Stay calm, I think. There’s no way I’m going to make it to Mistletoe Bay tonight, but maybe I can camp on a nearby beach until the wind dies down. I look at the maps on my GPS device and notice a possible campsite that’s not too far away. There, I realize, I could wait out the windy conditions until the next day. Then, while my spray skirt is detached, without warning, a large wave tumbles over my boat and partially fills it with water. I notice that my “dry bag,” which contains warm clothes and my headlamp, hasn’t lived up to its name and is also now filled with water.
Despite the strong wind, I manage eventually to get to the bay with my new campsite choice in the early evening, having completed only half of my planned distance for the day. As I slowly muscle my way into the bay, I pass an anchored sailboat with a man standing on the bow.
“How you goin’, mate?! That’s quite a craft you have,” he yells. “Once you’re all set up, why don’t ya come aboard for a drink?”
So, after doing my best to secure my belongings tightly in my pack to foil the weka birds, I paddle out to the sailboat where I meet Steve, a fireman, and his wife Kim, a special education teacher, both of whom live in Wellington on New Zealand’s North Island. Steve gives me a beer and a big bowl of chili, and Kim asks me why I’m out paddling the Marlborough Sounds by myself.
“My brother doesn’t have enough vacation time to do a trip this big, and my girlfriend and I broke up last year,” I say. “She wouldn’t have been into this anyway.”
“Well, look for someone with a good heart,” Kim suggests, glancing at her husband. “That’s what you need.”
As I get ready to go to sleep later, I’m disappointed to discover that my headlamp no longer works, having been destroyed by ocean water. Thankfully, the sea is much calmer when I wake early the next morning, and my paddle to Mistletoe Bay is straightforward. When I arrive and set up camp, I chase off a couple weka birds, vigilantly protecting my gear and supplies, though I manage to pour boiling water all over my knee while making dinner. It’s hard to stay disciplined and do everything right when you’re constantly exhausted and living out of a bag.
Yet, in the morning, despite the planning and execution mistakes of the trip so far, I remember why I’ve chosen to carry a packraft during this adventure. Because the Queen Charlotte Sound doesn’t reach Havelock, my target town for the end of this stage of my trip, I deflate my raft, attach it my backpack, and hike over the hills separating Queen Charlotte from Kenepuru Sound. When I reach the sea again on the north side, I pull my packraft back out of my pack, inflate it, and get ready to start paddling again. It’s a simple trick, but a magical one nonetheless.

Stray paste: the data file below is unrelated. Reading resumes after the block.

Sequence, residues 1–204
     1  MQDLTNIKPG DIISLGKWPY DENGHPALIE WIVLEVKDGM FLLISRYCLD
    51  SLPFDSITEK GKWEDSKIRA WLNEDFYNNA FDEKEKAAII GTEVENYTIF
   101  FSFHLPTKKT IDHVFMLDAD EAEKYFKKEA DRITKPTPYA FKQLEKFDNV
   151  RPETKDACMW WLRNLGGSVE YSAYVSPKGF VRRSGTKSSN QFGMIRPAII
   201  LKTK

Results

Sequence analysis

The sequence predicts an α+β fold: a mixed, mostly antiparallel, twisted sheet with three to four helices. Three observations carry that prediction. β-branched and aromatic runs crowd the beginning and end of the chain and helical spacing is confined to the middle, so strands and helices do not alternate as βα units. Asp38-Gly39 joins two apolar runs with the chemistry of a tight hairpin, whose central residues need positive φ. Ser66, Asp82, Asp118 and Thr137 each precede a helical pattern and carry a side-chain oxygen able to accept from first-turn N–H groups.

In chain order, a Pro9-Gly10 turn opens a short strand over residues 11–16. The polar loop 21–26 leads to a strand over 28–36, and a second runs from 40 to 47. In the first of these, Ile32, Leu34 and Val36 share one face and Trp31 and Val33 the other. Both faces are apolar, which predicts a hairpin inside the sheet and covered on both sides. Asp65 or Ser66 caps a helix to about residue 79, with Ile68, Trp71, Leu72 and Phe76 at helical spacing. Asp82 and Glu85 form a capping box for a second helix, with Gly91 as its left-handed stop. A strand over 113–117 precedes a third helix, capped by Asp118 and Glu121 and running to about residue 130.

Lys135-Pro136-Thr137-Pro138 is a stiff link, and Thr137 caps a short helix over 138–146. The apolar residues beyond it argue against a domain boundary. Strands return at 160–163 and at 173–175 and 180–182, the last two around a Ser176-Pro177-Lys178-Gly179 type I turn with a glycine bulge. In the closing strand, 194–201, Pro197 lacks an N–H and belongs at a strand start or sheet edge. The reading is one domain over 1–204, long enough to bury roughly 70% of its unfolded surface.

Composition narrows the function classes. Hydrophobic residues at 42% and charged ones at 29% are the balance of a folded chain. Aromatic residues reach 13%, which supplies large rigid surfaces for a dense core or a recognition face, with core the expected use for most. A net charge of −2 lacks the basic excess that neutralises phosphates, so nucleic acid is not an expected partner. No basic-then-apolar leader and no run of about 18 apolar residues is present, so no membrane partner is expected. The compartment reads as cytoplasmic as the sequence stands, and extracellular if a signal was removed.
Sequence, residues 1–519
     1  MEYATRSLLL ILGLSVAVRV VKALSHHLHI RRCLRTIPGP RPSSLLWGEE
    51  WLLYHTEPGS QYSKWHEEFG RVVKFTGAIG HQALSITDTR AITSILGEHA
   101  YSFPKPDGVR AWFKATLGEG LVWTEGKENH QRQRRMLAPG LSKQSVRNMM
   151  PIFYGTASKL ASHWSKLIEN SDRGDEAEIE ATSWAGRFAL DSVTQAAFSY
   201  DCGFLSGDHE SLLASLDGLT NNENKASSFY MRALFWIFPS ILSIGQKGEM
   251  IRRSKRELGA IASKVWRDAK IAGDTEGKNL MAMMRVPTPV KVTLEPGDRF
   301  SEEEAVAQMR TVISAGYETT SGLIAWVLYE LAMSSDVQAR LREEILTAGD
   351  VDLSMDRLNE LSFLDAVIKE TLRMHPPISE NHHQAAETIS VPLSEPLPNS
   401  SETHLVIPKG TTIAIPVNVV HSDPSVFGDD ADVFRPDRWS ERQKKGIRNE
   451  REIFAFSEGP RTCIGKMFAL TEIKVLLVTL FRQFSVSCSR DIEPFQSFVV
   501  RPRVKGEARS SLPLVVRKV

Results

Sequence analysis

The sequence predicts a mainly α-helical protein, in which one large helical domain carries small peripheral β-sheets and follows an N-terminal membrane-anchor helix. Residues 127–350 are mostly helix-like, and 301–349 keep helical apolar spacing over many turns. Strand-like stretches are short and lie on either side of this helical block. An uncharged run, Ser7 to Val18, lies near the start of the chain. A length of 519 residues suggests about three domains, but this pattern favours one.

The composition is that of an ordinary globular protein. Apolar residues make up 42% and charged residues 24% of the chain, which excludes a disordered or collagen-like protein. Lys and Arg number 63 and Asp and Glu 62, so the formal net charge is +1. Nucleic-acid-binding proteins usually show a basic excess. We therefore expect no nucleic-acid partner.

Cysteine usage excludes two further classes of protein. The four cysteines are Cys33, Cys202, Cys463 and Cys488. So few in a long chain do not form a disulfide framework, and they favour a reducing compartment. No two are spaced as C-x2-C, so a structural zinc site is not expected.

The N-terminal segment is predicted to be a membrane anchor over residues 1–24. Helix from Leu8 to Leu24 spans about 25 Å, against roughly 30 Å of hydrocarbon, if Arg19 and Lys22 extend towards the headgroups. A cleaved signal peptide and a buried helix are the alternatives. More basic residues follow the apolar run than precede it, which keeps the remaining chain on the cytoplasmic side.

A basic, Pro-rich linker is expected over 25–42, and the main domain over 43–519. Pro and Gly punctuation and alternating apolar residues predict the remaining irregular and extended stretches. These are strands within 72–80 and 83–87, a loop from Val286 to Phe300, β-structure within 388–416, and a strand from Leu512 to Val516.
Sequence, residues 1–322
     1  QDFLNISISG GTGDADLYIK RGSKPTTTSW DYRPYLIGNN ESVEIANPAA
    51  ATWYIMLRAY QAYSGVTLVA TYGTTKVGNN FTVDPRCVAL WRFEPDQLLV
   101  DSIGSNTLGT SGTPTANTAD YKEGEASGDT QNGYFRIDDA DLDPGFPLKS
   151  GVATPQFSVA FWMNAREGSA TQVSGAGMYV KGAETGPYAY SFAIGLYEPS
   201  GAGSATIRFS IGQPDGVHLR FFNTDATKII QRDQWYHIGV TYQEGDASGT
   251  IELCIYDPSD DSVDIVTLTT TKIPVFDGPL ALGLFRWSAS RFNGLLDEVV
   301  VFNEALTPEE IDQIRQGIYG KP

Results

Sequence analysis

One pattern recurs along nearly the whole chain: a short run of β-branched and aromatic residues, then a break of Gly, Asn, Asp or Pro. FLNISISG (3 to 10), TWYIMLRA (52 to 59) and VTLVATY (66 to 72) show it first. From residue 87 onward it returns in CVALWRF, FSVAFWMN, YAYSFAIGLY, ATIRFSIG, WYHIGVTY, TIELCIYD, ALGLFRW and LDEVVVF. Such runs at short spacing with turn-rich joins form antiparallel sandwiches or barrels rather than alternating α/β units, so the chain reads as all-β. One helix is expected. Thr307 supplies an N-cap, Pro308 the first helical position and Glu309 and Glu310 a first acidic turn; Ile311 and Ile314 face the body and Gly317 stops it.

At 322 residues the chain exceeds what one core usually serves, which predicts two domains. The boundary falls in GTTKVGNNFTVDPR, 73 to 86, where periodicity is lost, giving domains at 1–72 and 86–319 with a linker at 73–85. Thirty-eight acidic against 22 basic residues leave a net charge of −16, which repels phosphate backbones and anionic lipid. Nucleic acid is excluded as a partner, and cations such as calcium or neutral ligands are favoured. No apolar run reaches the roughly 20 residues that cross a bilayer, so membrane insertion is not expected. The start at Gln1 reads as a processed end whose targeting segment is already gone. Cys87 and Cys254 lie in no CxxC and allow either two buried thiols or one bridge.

Kenepuru Sound is one of the most beautiful places I’ve paddled in my life: the water looks like oxidized copper, the lush hills look covered in emeralds, and the wind is nearly still. My paddle is mostly a serenity exercise until, about 5 kilometers away from Havelock, a strong wind begins again. This time, though, it’s a tailwind. On the way into Havelock, I use my paddle only as a rudder while the wind pushes me toward the town. I’m only 500 meters from Havelock’s shore, when I see that I must execute a 90-degree turn and then paddle perpendicular to the wind.
The wind is so strong, though, that, as soon as I make the turn, the wind takes hold of my boat and pushes me sideways, marooning me on a long sand bar just 300 meters from the shore. I try to paddle off the sandbar, but the wind has pinned me on the beach.
Fine, I think, petulantly. I’ll just sit here until the wind dies down. But, after sitting for 20 minutes, embarrassed about how I must look — an incompetent idiot sitting on a raft marooned on a sandbar just minutes away from shore — it becomes clear that the wind has no plans to stop any time soon. I decide to get out of the raft, put the backpack on my back, and carry the raft to the end of the sandbar near Havelock’s shore. Then, I’ll be able to finish paddling the tiny 100 meter gap between the sandbar and the beach.
So, I detach my backpack from the raft. The moment I do so, the wind immediately blows the packraft — which weighs almost nothing without a heavy backpack attached — across the sandbar and toward the ocean. For a second, I watch helplessly as my raft flies through the air toward the sea.